The first of two parts. Listen to Part 2 here.
PITTSFIELD, Mass. — General Electric's decision to relocate its corporate headquarters to Boston was greeted with intense fanfare. As GE and Boston look to the future, there remain important lessons from the past.
GE had a major presence in western Massachusetts for more than 80 years. So what can Boston learn from Pittsfield's experience? And what do the people of Pittsfield think about the impact GE had on their lives?
Answer: It's complicated. And definitely not as black and white as casual observers in the eastern part of the state might think.
'GE Was Really The Main Thing'
For the better part of a century, from 1907 to 1987, the Pittsfield transformer plant was one of the crown jewels of GE's electrical infrastructure, high voltage testing and defense contracting businesses. In fact, the company often featured the city in corporate promotional videos, such as this one from 1967.
But the reliability GE touted in the above video came at a cost. For decades, GE used PCBs (polychlorinated biphenyls) to make its transformers. The U.S. government declared PCBs a probable human carcinogen and banned them in 1979.
By then, however, the damage was done in Pittsfield. Land around the GE site and the Housatonic River was badly contaminated. That is the better-known part of GE's legacy in western Massachusetts.
The lesser-known aspect: the people who worked at the plant in its heyday, and the conflict between the surprisingly deep love they still have for the company, along with deep frustrations.
"General Electric was really the main thing," says Bob Cudmore, who reported and hosted mornings at WBEC radio in Pittsfield from 1968 until 1980. He was one of the few people who didn't work at the mammoth Pittsfield facility.
According to the company, at its height in the 1940s, some 13,000 people worked for GE in Pittsfield, out of a city of 50,000 people.
Cudmore remembers: "My wife, who was alive at the time, had told me once that she was at a social gathering, other women would come up to her and say, 'Well, what does your husband do at GE?' And she said, 'Well, he doesn't work at GE.' And she said they had a look in their face like, 'Well, you poor dear.' You know, you people might even be on relief or something like that."
GE's footprint in Pittsfield was huge in every way imaginable -- the number of people who worked for the company and the sheer size of the plant itself, a sprawling campus more than 300 acres in the heart of the city, along the banks of the Housatonic River.
"I don't know how many buildings they had, I'll guess they had 40, 50 buildings. Some of them are torn down, some of them are still here. It was a large plant," says Nicholas Boraski, the former head of the Pittsfield transformer and ordinance divisions. He's 89 now. He worked for GE for 38 years.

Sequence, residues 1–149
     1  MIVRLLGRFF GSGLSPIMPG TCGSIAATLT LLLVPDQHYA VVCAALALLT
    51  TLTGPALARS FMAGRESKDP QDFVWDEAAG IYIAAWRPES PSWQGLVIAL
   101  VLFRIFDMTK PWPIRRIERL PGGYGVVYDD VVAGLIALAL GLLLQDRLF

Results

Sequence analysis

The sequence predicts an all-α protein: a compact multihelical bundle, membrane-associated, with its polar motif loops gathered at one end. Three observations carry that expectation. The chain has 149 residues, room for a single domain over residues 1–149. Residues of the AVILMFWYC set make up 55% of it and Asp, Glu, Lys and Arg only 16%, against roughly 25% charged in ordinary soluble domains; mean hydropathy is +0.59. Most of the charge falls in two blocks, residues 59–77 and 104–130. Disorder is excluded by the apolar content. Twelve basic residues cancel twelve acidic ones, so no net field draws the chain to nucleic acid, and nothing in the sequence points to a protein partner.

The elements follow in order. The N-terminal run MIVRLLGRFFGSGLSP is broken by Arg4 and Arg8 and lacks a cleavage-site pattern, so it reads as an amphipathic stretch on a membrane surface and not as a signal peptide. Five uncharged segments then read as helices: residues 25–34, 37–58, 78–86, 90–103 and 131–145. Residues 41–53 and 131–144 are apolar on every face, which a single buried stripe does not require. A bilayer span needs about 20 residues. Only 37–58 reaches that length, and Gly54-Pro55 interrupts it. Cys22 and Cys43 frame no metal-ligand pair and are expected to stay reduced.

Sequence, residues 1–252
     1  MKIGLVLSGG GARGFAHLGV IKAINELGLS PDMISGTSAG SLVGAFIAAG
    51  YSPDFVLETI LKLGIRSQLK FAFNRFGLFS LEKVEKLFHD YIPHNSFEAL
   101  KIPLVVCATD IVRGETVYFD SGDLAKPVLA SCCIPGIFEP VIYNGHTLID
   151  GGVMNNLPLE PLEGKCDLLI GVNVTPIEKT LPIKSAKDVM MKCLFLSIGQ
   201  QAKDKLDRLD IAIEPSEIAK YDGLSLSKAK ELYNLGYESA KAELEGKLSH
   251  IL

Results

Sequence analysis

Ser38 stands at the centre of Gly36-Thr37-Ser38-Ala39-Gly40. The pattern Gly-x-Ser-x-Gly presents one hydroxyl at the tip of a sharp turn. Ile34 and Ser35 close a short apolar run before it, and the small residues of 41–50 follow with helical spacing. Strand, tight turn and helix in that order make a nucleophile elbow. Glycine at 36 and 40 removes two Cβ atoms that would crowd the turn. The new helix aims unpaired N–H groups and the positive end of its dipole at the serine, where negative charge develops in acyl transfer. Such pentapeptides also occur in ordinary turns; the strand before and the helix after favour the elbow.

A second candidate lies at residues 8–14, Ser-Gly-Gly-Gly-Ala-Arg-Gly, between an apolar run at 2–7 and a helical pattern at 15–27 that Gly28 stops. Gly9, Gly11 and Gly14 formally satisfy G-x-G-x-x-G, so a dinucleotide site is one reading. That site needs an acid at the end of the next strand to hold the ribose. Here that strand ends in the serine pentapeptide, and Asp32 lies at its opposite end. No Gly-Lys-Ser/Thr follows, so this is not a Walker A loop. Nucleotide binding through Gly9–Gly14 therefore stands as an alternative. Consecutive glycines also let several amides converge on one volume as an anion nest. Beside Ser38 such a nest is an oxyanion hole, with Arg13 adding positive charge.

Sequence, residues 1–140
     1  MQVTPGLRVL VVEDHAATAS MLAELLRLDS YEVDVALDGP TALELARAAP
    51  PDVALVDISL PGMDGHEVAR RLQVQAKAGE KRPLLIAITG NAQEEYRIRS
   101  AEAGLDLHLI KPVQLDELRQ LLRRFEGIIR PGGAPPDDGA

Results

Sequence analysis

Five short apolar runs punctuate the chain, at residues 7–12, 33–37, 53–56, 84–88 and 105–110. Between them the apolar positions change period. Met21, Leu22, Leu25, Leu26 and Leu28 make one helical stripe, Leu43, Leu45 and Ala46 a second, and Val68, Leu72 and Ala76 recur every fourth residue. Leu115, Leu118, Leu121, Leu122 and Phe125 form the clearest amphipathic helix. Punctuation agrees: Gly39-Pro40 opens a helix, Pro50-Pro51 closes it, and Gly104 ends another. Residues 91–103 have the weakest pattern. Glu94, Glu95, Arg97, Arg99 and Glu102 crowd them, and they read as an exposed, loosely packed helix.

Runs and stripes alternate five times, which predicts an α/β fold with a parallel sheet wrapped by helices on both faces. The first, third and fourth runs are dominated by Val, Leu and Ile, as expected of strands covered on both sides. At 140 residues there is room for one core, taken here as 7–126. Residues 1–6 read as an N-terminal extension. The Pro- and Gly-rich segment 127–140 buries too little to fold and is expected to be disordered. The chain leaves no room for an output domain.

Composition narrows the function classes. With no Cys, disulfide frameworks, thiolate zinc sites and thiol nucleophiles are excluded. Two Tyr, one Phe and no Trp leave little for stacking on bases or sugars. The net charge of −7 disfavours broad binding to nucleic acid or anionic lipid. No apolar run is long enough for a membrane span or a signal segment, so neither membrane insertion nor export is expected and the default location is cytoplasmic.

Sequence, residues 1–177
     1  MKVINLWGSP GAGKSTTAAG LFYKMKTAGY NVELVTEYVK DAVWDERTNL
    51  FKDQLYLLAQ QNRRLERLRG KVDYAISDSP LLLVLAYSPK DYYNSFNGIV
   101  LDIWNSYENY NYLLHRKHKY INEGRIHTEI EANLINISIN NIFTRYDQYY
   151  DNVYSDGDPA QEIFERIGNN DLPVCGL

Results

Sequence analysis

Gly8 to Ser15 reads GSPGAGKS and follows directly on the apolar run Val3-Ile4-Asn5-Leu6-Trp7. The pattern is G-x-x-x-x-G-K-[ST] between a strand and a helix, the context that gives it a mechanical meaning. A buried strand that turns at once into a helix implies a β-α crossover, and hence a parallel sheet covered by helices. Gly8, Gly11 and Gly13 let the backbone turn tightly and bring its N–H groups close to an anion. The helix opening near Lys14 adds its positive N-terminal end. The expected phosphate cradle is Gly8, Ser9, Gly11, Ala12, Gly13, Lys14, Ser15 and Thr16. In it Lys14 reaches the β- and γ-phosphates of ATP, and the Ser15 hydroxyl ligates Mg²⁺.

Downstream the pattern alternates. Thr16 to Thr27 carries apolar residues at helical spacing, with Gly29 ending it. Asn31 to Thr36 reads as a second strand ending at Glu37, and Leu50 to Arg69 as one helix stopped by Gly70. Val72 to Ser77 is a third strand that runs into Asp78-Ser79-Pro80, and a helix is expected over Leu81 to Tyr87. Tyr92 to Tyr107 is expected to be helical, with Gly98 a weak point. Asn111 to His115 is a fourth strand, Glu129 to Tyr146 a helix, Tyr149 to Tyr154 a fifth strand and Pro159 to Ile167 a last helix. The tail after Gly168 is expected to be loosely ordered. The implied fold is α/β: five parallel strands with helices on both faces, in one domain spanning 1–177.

Boraski says that back in the day, GE was the kind of company that could make a career.
After all, he says, just look at who else got their start in Pittsfield: Jack Welch, GE's most famous CEO, who first joined the company as a chemical engineer in the plastics division.
"I worked for him, he was an avid golfer, I worked with him," Boraski says. "I was very fortunate, and I went further than I ever thought I'd go."
Just about everyone we talked to felt something similar. They were proud. Pittsfield was an old mill town that could've gone under at the end of the 19th century. But GE came in and helped revive it. Not only that, Pittsfield workers genuinely loved being part of a company that epitomized 20th-century American industrial ingenuity.
"Oh yes, absolutely," says Thomas Blalock, who started working at GE Pittsfield in 1966, where he was an engineer in the high voltage lab. "We really were at the top of the game of this research area."
"And you walk in the door, and you have the sight of the entire building, from one end to the other, a quarter of a mile away," he remembers. "And the overhead cranes, there's two cranes in that building, each one will lift 350 tons, and they were used together to lift the heaviest transformers. Somebody once said to me, 'You never get tired of being in this building and watching these mammoth things,' transformers flying through the air as it were -- all kinds of activity like that that was just fascinating."
How PCBs Came To Be Used — And Leaked
When in operation, those transformers needed to be cooled. GE's preferred coolant for its largest transformers was a high-quality mineral oil. But for smaller transformers, such as those used inside factories, schools or office buildings, starting in the 1930s GE began using a coolant called Pyranol.
In a 1951 GE video, the announcer explains: "Unless you're a chemist, the story of Pyranol may sound like something out of Buck Rogers. Broadly speaking, you take a molecule of dyphenol. Replace 5 hydrogen atoms with 5 chlorine atoms. Result? A transformer liquid with high dielectric strength that won't sludge or oxidize. But more than that, it won't burn."
Sounds like the perfect industrial chemical. But Pyranol has another name: the banned PCB.
But prior to the ban, GE was making thousands of these small transformers. Boraski, the former head of the transformer division, says Pyranol was ubiquitous and employees were in frequent contact with it.
"Including me," Boraski says. "I've worked in it up to here [elbows] changing links in transformers. I've walked in it. It was just something we did."
And all those PCBs had to go somewhere. They went into the groundwater, and then straight into the Housatonic River.
"People were not intentionally throwing it away, but piping systems leak," engineer Blalock says. "This plant you know, employed over 10,000 people, it was a pretty big plant, and you can imagine the extensiveness of the piping systems in a plant like that. And you just can't keep track of every foot of pipe. And now we're talking from the '30s to the '70s, 40 years. Yeah, a lot of Pyranol leaked."